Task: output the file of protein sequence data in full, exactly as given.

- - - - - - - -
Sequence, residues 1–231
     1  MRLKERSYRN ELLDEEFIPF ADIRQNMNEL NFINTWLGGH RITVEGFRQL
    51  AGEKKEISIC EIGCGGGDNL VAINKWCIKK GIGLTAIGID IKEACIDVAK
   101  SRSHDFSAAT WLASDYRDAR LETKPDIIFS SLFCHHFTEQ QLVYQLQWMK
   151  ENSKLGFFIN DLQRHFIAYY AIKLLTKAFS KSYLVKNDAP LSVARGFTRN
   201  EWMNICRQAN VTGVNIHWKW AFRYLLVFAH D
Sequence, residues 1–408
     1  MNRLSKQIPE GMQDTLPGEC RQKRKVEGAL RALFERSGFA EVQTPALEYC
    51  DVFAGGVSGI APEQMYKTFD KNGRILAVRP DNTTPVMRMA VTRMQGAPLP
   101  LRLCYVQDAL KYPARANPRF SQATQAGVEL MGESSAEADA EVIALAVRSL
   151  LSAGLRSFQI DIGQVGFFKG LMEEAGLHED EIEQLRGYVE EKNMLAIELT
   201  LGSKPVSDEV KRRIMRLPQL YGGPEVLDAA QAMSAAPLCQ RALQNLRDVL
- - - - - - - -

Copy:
Sequence, residues 1–231
     1  MRLKERSYRN ELLDEEFIPF ADIRQNMNEL NFINTWLGGH RITVEGFRQL
    51  AGEKKEISIC EIGCGGGDNL VAINKWCIKK GIGLTAIGID IKEACIDVAK
   101  SRSHDFSAAT WLASDYRDAR LETKPDIIFS SLFCHHFTEQ QLVYQLQWMK
   151  ENSKLGFFIN DLQRHFIAYY AIKLLTKAFS KSYLVKNDAP LSVARGFTRN
   201  EWMNICRQAN VTGVNIHWKW AFRYLLVFAH D
Sequence, residues 1–408
     1  MNRLSKQIPE GMQDTLPGEC RQKRKVEGAL RALFERSGFA EVQTPALEYC
    51  DVFAGGVSGI APEQMYKTFD KNGRILAVRP DNTTPVMRMA VTRMQGAPLP
   101  LRLCYVQDAL KYPARANPRF SQATQAGVEL MGESSAEADA EVIALAVRSL
   151  LSAGLRSFQI DIGQVGFFKG LMEEAGLHED EIEQLRGYVE EKNMLAIELT
   201  LGSKPVSDEV KRRIMRLPQL YGGPEVLDAA QAMSAAPLCQ RALQNLRDVL